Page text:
Junior Jamie Primavera’s roommate follows her everywhere. She sits next to her during class, is always nearby during meals and lies at the foot of her bed when she sleeps.
Still, Primavera said, the 10-month-old black lab, Snyder, is a welcome distraction.
“Even if you only leave them for 15 minutes, they’re just as excited to see you as if it had been three hours,” she said. “It’s just such a great feeling.”
Primavera is raising Snyder to be a guide dog through the program Guiding Eyes for the Blind, a training school for guide dogs and their owners based in Yorktown Heights, N.Y. Seven students at Ithaca College are raising dogs through the program.
“It’s really eye opening,” Primavera said. “If you raise one dog that does make the program, you change someone’s life forever.”
Primavera first became interested in the program during her freshman year, when one of the students in her dorm was raising a dog.
“One of the RAs in our building held a floor program that explained how she got involved,” she said. “I went on and convinced my parents to let me get involved in the program.”
Becky Barnes, manager of consumer outreach and graduate support at Guiding Eyes for the Blind, and also a guide dog user, said the puppy-raising process is a commitment of at least 14 to 16 months, during which the trainers take the dogs into their homes.
“They work with [the dogs] on a structured program,” Barnes said. “They lay the foundation that the guiding is on, the socialization.”
Zach Newswanger, assistant director of Residential Life, said once students apply with Guiding Eyes for the Blind, they request to have a dog in their residence hall.
“A meeting is set up and we review the application,” Newswanger said. “If they live in an apartment or with a roommate, they need to communicate that with them and with their RD, their RA and the residents that live on the floor or in the building.”
Freshman Natalie Brandt is raising Wendy, a yellow lab, with her roommate, freshman Beth Davies. They applied for a guide dog last October and received Wendy in February. Brandt said the training classes teach owners about the basic commands, but also about guiding-eye policies and techniques.
“You have to teach the dogs sit and lie down, but you also have to teach the puppies impulse control,” she said. “[It’s important] so that when you’re walking on campus, the dogs don’t jump on every person they see, which is what our puppy does right now because she’s so young.”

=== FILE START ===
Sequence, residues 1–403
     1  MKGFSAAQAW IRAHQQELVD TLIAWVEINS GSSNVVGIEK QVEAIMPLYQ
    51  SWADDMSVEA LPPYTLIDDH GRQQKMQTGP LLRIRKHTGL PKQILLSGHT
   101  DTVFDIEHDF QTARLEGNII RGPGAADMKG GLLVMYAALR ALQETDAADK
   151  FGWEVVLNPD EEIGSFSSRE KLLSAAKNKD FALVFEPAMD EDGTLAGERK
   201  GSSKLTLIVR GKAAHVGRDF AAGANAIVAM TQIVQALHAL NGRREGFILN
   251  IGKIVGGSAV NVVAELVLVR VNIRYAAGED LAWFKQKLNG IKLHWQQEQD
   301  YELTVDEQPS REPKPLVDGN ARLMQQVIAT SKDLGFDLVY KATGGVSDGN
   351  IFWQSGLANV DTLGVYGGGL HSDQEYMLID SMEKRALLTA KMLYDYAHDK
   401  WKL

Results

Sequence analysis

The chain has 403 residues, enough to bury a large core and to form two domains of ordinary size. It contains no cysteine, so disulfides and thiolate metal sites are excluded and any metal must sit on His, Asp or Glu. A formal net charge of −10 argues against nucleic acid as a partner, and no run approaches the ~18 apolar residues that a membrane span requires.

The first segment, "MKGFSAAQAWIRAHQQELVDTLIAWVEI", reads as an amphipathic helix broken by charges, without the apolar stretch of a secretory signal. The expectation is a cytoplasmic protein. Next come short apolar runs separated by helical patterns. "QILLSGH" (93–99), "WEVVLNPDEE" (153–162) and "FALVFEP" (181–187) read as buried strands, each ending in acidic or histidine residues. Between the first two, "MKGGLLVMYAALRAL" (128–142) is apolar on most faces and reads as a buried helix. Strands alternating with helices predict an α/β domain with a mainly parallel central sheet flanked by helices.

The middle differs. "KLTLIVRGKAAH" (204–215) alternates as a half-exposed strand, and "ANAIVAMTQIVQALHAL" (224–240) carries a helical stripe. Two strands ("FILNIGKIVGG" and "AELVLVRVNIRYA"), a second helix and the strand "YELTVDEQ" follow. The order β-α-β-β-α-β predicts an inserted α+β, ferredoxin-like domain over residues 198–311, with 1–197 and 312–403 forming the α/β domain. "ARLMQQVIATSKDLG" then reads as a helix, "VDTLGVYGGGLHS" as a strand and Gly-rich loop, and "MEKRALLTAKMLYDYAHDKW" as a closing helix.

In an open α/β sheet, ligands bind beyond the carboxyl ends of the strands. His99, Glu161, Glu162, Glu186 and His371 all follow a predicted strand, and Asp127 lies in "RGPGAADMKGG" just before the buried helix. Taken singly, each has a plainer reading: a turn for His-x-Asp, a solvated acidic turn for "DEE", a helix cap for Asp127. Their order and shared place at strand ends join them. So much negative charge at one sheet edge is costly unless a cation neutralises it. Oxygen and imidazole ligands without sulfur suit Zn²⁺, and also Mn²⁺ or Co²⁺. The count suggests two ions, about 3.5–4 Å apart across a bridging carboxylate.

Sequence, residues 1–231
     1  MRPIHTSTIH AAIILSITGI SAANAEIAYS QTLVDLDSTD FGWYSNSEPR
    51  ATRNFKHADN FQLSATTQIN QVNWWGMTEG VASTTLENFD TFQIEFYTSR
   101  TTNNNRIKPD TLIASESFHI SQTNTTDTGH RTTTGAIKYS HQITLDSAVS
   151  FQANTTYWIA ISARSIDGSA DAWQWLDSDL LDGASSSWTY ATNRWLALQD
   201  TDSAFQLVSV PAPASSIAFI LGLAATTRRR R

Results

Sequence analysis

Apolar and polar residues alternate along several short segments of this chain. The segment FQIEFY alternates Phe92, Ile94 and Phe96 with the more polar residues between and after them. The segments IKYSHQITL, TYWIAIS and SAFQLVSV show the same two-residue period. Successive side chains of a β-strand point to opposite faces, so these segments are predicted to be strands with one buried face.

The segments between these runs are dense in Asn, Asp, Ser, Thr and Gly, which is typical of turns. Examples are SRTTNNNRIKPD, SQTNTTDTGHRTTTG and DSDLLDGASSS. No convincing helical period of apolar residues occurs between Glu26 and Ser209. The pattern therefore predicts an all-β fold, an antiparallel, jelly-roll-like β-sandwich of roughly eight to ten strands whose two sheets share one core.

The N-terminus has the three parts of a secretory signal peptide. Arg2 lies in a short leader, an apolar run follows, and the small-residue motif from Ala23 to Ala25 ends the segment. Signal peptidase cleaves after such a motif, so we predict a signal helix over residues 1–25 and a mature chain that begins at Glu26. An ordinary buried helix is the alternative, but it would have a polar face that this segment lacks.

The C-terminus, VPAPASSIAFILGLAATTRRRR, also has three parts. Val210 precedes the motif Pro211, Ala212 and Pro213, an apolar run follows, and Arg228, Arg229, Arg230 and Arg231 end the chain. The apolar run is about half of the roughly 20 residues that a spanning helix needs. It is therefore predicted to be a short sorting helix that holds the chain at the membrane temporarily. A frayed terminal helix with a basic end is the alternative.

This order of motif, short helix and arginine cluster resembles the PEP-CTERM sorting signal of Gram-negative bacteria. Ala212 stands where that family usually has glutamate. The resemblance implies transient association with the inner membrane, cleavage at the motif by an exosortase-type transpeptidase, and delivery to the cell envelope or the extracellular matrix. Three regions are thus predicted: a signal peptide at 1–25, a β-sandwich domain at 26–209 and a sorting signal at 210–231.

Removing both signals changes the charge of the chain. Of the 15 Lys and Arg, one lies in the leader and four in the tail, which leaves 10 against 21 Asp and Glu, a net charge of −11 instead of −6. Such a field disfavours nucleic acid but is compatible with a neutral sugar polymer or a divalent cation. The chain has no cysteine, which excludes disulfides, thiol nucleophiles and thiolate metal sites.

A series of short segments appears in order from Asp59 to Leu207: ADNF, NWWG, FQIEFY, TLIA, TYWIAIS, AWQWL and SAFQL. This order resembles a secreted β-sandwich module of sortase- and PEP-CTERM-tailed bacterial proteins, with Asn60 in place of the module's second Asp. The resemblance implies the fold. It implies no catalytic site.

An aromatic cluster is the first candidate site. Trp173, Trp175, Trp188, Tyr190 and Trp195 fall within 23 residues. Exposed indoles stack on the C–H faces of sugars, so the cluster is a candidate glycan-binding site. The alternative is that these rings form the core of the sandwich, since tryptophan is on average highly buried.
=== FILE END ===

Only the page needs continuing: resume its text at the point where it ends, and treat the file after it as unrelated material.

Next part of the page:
Because Wendy is in the first stages of training, Brandt and Davies are not able to take her to classes yet.
“Our puppy has to know the difference between when she’s training and when she’s playing, and right now she doesn’t have that distinction because every time she sees a person she knows it’s going to pet her,” Brandt said. “It will be easier when our puppy gets older, but because she’s so young and really cute, everyone wants to go touch her.”
This step in the training process is extremely effective in a campus environment, Barnes said.
“It’s nice when they can do it on a college campus because they get everything, lots of people, and learning how to be still when someone is in class,” she said.
Primavera, who has had Snyder for more than nine months, said the first few months with the puppy are demanding.
“He comes with me to every one of my classes, and in the beginning it was difficult because he was really restless, but eventually he started adapting to my schedule,” Primavera said. “He just falls asleep next to my chair and stays asleep for the entire class.”
Edward Wallace, assistant professor of health promotion and physical education and one of Primavera’s professors, said Snyder does not disrupt his Psychoactive Drugs class.
“It comes in and just lays there,” Wallace said. “Most of the time I don’t even notice that the dog is here.”
Primavera said she attends training classes with her dog twice a month. When the puppy-raising process is over, the dogs are tested and put through more training during which they learn specific commands and tasks. They are then assigned to an owner.
Newswanger said he talks to prospective student trainers to ensure they have put thought into the decision and have time to commit to the program.
“The program has stuff built into it where [students] can just dog-sit if they realize this is a lot more work than they want to do,” Newswanger said.
The inconvenience of having the responsibility is outweighed by the positive impact dogs have on owners’ lives, Primavera said.
“Guiding Eyes has made my college experience what it is,” Primavera said. “So many people come up to me and want to pet my dog because they miss their dogs so much. … It’s a total de-stressor. You basically work the dogs into your daily schedule.”
Barnes, who got her first guide dog in 1995, said it was a life-changing experience because it gave her a new way to travel independently.
“I need to know how to get where I’m going, but my guide dog is the one who keeps me safe while I’m getting there,” Barnes said. “When [people] get their first guide dog, their response is always the same. You have a feeling of total freedom. You can walk with your back straight and your head up.”